Ward took a darker perspective on the foundation’s move. “The Warhol Foundation statement probably doesn’t help,” he said. “The element of ultimatum makes it difficult to negotiate.” (There are apparently talks underway to display the video somewhere in the museum, if not in the exhibition itself.)
“Our hope is that we’ll get a chance to talk about that,” said Martin Sullivan, the museum’s director, about the Warhol’s ultimatum.
There was something anxiety-producing throughout the evening about the ease with which everyone can—even, obscurely, wants to—shift back into the old culture war postures, recite the same lines. But with just a little more caution.
The woman who stood up and reminded everyone of a protest in front of the Met on Sunday; the man who began to chant “Put it back” during the Q&A; the man talking to his friend about the shortcomings of the Clinton presidency; the heated crosstalk; the spontaneous rounds of applause: it all felt depressingly familiar, but the actors seemed strangely elated. “We’re being offered as raw meat to their minions,” Katz said, “and I am tired of that,” his emphasis on “tired” so expertly, dramatically hushed that the crowd began to clap. Even Sullivan and Ward played parts, of the sympathetic, patronizing establishment figures who are confident that the adults can handle it on their own if only the rabble would stop complaining so loudly.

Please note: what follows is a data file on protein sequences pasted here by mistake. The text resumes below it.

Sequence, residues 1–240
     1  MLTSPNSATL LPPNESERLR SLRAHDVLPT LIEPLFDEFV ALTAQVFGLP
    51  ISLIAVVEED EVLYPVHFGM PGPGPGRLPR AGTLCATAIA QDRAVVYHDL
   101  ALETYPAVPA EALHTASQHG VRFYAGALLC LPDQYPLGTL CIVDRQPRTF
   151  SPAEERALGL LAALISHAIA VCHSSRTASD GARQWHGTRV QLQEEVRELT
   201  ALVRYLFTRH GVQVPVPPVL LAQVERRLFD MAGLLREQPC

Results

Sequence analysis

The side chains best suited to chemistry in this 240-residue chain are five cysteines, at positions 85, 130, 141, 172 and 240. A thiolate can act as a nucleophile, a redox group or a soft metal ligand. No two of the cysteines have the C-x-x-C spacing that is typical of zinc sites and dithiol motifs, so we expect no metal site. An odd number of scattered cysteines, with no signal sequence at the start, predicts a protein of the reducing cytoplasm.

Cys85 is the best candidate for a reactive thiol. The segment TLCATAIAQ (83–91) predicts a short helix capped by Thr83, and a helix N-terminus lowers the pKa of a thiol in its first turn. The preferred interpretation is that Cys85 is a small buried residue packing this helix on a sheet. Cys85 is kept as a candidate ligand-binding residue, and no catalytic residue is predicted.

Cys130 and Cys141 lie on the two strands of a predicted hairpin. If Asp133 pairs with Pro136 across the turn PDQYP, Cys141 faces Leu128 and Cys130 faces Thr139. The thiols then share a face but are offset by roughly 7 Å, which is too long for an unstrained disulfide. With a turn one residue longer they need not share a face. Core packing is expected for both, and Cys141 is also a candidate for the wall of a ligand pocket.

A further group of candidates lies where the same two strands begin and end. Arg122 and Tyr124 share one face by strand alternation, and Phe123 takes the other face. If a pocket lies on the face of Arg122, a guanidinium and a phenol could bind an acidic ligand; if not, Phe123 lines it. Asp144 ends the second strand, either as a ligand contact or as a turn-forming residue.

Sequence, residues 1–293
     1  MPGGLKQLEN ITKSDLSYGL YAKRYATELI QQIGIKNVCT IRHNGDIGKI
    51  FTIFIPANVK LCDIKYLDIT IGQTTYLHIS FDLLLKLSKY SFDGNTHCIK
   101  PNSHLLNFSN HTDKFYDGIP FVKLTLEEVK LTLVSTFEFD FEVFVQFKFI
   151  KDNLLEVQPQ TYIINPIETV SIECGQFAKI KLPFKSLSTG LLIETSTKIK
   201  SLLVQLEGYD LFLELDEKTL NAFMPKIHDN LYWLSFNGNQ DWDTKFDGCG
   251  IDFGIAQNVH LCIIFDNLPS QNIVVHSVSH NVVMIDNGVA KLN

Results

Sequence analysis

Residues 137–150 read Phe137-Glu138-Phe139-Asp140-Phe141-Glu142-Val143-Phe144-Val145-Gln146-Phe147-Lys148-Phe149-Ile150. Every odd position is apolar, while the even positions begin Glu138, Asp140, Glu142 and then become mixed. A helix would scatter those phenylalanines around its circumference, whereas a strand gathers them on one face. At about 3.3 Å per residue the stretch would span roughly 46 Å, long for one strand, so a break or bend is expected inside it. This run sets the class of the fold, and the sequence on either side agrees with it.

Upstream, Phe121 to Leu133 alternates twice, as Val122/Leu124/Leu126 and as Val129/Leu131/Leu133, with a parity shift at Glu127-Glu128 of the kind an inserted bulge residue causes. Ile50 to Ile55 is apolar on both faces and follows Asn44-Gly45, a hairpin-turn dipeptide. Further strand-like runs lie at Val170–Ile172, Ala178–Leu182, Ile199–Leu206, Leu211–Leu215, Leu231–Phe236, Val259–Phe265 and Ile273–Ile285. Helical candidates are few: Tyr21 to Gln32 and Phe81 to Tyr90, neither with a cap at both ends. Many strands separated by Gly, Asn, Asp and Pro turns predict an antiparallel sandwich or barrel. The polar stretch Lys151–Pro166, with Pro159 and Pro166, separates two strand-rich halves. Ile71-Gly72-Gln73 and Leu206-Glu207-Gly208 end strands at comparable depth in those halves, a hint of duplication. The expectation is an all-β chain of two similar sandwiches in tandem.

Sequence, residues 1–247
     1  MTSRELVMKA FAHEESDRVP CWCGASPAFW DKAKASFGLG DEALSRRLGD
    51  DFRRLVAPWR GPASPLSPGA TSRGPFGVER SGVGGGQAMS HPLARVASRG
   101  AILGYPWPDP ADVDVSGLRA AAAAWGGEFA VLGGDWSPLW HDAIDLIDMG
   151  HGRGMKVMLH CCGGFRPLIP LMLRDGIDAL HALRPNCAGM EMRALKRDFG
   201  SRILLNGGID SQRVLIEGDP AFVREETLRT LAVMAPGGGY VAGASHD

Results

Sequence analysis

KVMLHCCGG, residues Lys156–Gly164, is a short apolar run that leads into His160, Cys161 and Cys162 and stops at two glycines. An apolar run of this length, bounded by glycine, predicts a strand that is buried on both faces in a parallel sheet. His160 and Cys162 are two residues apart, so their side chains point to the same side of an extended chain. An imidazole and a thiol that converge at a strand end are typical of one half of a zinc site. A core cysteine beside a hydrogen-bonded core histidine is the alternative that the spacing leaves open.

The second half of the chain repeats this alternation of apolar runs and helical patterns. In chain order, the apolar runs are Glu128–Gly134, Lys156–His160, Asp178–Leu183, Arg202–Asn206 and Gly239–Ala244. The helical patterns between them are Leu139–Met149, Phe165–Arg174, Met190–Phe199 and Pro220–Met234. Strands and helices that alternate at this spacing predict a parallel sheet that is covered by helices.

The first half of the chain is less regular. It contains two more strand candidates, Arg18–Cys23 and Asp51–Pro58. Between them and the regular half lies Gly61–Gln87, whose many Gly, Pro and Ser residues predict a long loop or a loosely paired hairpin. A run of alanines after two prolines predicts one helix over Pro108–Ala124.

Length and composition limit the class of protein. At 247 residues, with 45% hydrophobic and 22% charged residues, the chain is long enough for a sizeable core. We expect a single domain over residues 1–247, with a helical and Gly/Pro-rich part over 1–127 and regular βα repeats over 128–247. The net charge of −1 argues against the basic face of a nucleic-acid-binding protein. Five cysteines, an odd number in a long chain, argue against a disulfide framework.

“We need positive energy,” said Sullivan, in answer to a hostile question from the audience.
“It would really be helpful if people would tone it down a little,” said Ward to a reporter later on. “Agitators like the gentleman who was shouting. We’re not back in 1968 with this kind of agitprop stuff, or the rhetoric of 1989. We need sort of quiet diplomacy now, and a little bit of calm. We’re working on it.”
More by this author:
- Marilyn Horne, who ruled American opera in the 1970s, trains a new generation for a very different art
- Model citizen: Composer Eric Whitacre, dashing star of high-school choruses worldwide, makes the big bucks